Young consumers want background on products they buy

NEW ORLEANS, La. — Food company executives say millennials are driving food trends, which has implications for farmers.

“They want a higher level of food safety, they want more transparency, ethical sourcing and lower environmental impacts from their food,” said Kelly Shea, vice-president of government and industry relations with the WhiteWave Foods Co.

WhiteWave is the fastest growing food company in the United States, with sales expanding at a compound annual growth rate of 19 percent a year.

Three-quarters of its portfolio is organic and non-genetically modified food. It owns popular brands such as Horizon Organic, Earthbound Farm, Silk and International Delight.

Shea told delegates attending Bayer’s AgVocacy Forum that the company is focused on millennials, who were born between the early 1980s and the early 2000s.

“They will have the most spending power of all of the charted demographics by 2017,” said Shea.

Millennials are expected to ac-count for 75 percent of food industry growth over the next 10 years.

“More than ever, they are looking for products with clean and really simple ingredients,” she said.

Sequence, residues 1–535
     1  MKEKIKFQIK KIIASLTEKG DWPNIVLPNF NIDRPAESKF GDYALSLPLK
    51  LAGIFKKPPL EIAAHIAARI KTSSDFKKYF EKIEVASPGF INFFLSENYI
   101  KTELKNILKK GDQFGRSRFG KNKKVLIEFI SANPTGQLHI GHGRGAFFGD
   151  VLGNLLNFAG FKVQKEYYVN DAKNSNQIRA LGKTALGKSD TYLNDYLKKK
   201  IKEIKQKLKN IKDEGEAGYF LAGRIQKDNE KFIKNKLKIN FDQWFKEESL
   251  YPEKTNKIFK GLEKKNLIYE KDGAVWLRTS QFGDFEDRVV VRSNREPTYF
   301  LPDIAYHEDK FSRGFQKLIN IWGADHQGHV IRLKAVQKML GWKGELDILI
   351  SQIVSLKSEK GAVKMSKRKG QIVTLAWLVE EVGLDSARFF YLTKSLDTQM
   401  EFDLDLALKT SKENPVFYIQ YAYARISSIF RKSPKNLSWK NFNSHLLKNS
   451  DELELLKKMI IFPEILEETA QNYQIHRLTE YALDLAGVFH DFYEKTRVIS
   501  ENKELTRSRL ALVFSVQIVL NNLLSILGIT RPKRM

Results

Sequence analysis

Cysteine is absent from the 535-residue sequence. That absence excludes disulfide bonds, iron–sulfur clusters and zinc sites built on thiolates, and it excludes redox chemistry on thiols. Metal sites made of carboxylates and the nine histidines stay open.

As well, they are willing to pay handsomely for those products. The average shopping basket for a WhiteWave shopper in a retail store is worth 82 percent more than those of non-WhiteWave customers.

Modern consumers want to be guilt-free when they buy their food, said Christine Daugherty, vice-president of sustainable food production with Tyson Foods.

“They want to know, how was the animal treated? How was the supply chain managed? How were the crops produced?” she said.

Daugherty said agriculture has to become more trustworthy and transparent.

“You gain (trust) by opening up the barn door, opening up the curtain,” she said.

Consumers have lost their connection to farming.

Only two percent of the population grows food, and most people are three generations removed from the farm.

It’s why consumers are easily duped into believing myths. She said 80 percent of consumers believe chickens are raised on hormones and steroids. They don’t realize that is against the law.

“Federal regulations prohibit adding hormones and steroids in chickens,” said Daugherty.

Dan Dye, chief executive officer of Ardent Mills, which operates more than 40 community flour mills and bakery mix facilities in North America, believes the spotlight on agriculture is going to bring out the best in the industry.

His company pays close attention to what customers want and tries to create those products, such as a whole wheat flour made out of a special variety of white wheat.

“It has the texture, the feel, look and actually some of the taste characteristics of a more traditional white flour,” said Dye.

He believes millennials are going to create significant opportunities for new products as they push for changes, such as a reduction in food waste.

“It shapes how we bring products to market,” said Dye.

“It could be in packaging. It could be in portion size. It could be a lot of different things.”

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